Near the Swan River I climb onto a bus, and ride it through the drizzle and the afternoon light to North Fremantle, to an old haunt I haven’t visited in a while. Over the road there’s a new cafe made of shipping containers and glass which I’ve never seen , so I pay it a visit before being slurped back into the toasty confines of Mojo’s Bar.
Indeed, I make a beeline for the fireplace, a warm crackling recess crowned by bric-a-brac on the wooden mantelpiece. And as I sit and tingle in the as-yet lightly populated room, LAUREL FIXATION begins to play.
The singer-songwriter, whose ‘Small Discomforts’ EP I reviewed back in February, has one of the best voices and guitar sounds going around. This is important, since the whole set is constructed with these two materials, but beyond the satisfying mellifluence of the tone there’s the content: deceptively simple chord progressions and picking patterns, all expertly crafted with the utmost care; witty, candid, melancholic lyrics delivered with a hushed resonance and scrupulous phrasing. It’s a slow-paced, smouldering set which mirrors the fire beside me, and befits the grey wet on the other side of the windows. She delivers a great song I hadn’t heard (about the double entendre of being a “dirty girl”) and a Kill Devil Hills cover – reworking the cherished “Drinking Too Much” into “Smoking Too Much” and sneaking in smooth, deadpan allusions to bongs; it’s at least as affecting as it is amusing.
SAM ATKIN follows, the gentle-seeming bloke with the beard-beyond-his-years perched behind a makeshift table of midi controllers, synthesizers, samplers et al. We enter a phasing, unpredictable world of rainforest ambience, abstract beat-sample collages and vocoder-pop sketches. Around the corner is a deep “trappy” groove layered with digital marimba arpeggios and warbling space organ; the mood is fugitive, a protean aesthetic dodging the glow of your eagerly bobbing headlamp. You get a whiff of OPN, James Ferraro and Macintosh Plus: perhaps not in Atkin’s overall sound, but at least in his set tonight – in other words, I’m reminded of the exponents of “vaporwave” who have managed to transcend the genre’s descent into self-caricature – but there’s plenty of other reference points you could just as well call upon. Ultimately, he makes beautiful electronic music with fascinating conceptual implications and, by the time he fades into utopian piano noodles mixed with cascading insect chatter and finally a great Rabbit Island cover (of much-loved tune ‘My Own Private’), I’m already looking forward to his next performance.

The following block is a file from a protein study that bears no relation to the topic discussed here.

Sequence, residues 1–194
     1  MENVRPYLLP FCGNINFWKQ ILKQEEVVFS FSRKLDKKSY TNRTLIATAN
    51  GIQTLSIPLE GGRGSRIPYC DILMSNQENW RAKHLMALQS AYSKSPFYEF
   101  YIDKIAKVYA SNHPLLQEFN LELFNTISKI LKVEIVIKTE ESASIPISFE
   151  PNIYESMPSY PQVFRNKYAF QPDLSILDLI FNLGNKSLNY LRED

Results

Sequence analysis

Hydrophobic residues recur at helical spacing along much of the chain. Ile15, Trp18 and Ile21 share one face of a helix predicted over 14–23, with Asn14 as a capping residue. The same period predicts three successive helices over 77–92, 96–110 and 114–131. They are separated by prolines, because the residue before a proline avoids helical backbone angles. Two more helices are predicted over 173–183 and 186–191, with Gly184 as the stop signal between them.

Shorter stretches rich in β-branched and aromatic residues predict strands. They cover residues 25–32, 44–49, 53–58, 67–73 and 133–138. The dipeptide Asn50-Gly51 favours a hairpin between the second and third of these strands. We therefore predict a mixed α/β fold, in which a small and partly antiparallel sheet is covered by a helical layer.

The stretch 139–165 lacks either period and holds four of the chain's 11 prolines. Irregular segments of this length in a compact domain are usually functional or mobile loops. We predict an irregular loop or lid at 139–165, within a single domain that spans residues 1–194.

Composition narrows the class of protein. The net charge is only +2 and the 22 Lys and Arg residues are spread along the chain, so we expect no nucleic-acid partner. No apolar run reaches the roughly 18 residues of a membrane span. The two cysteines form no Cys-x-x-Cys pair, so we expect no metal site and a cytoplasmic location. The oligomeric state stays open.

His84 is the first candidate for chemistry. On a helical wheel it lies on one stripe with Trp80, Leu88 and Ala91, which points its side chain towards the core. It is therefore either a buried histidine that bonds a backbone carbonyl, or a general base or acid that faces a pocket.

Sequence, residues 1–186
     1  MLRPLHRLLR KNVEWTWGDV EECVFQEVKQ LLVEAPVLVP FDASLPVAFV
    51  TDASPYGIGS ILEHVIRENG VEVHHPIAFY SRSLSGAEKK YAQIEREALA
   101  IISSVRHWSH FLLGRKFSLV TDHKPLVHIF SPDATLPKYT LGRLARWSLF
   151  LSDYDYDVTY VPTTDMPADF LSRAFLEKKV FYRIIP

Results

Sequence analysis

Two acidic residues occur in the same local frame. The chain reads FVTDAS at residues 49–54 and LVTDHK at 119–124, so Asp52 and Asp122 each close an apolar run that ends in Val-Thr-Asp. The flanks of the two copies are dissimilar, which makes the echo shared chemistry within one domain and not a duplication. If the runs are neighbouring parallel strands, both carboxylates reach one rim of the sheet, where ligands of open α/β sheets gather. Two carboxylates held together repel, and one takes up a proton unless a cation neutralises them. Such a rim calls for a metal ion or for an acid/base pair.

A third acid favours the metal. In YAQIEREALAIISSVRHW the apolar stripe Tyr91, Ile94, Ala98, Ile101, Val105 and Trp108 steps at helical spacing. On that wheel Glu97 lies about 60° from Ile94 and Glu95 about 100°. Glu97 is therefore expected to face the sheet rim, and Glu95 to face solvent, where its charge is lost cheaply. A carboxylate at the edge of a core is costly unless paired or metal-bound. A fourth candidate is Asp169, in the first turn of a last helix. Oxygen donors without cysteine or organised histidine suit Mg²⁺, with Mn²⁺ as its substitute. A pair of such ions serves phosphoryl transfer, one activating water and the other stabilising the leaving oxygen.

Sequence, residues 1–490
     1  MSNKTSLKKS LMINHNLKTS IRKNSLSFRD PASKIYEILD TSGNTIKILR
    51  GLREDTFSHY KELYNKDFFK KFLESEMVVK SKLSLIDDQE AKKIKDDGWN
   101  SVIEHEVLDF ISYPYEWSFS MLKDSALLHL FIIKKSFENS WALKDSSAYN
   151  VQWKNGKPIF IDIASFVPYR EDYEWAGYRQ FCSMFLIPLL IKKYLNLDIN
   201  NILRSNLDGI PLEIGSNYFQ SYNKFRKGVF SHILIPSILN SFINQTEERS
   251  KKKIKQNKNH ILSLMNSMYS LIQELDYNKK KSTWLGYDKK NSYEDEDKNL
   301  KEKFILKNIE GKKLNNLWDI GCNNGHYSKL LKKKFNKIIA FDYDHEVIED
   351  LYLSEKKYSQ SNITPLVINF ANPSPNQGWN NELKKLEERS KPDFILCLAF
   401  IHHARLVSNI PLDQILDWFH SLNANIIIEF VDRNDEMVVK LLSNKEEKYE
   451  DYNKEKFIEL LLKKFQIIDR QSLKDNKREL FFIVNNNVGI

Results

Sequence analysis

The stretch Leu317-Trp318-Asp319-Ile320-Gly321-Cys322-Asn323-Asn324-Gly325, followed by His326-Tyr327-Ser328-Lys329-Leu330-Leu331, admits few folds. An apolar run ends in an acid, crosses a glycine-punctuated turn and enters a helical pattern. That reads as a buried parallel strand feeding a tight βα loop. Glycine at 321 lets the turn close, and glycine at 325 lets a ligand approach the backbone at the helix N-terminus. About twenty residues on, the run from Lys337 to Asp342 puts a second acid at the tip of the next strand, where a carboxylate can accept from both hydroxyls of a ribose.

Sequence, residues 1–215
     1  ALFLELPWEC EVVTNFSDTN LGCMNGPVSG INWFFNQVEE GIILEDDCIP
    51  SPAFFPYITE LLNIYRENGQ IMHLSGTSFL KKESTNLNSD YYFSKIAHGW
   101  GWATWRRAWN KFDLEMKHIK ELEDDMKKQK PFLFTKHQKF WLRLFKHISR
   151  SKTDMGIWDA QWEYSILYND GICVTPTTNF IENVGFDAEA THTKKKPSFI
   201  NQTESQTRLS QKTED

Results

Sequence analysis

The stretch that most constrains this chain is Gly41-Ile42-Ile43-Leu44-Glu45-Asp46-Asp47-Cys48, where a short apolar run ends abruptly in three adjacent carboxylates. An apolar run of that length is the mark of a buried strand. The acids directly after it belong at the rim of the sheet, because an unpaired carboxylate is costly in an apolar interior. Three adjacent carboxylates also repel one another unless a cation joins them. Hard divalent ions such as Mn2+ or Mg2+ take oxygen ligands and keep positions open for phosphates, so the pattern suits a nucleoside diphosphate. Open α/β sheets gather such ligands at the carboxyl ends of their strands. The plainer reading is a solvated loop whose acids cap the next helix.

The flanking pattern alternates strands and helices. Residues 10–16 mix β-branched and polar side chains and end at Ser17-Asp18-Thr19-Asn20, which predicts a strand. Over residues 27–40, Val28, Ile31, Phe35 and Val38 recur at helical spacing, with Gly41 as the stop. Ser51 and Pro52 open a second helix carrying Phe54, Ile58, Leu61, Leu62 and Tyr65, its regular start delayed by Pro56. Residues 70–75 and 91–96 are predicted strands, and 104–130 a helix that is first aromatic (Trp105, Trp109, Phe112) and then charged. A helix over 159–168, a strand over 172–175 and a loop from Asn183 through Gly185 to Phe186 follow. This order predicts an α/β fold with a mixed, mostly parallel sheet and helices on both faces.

ATRIPAT, whose name I’ve heard whispered in impressed tones lately, appears next. The austerely-garbed local purveys dark, textured, stuttering beats; thick woody bass and crackly, cinematic midrange sound interventions. Synth-voice stabs and dense sweaty percussion round out the compelling picture, as the smoke machine starts oozing pink and yellow mist and the set enters its dénouement of warped, eddying vocal samples.
CHRIS COBILIS and YENTING HSU’s set feels like a mobile; an undulating mobile of granulated noise, seashore hiss, birdsong and distant metallic resonances. There are jabs of deconstructed, resampled rock band and close-up contact mic rustling. All this might sound like a pretty archetypal contemporary-laptop-noise set, and I confess that my words are unlikely to do it justice: it’s thoroughly experiential, tricky to approximate with language. Suffice it to say that the contours of sound are laid out with such attention and intuitive artistry that we receive a truly special, beautiful musical performance. Sometimes laptop sets feel lacking in their absence of live instrumental / physically-driven elements, but this feels all the more magical for its object/sound disconnect. In clickbait terms, This Set Could Change The Way You Think About Noise. It’s sad that we won’t get an encore – Hsu is returning to Taiwan having completed her sound art residency at Fremantle Arts Centre. But I feel immensely lucky to have caught this set while she was here.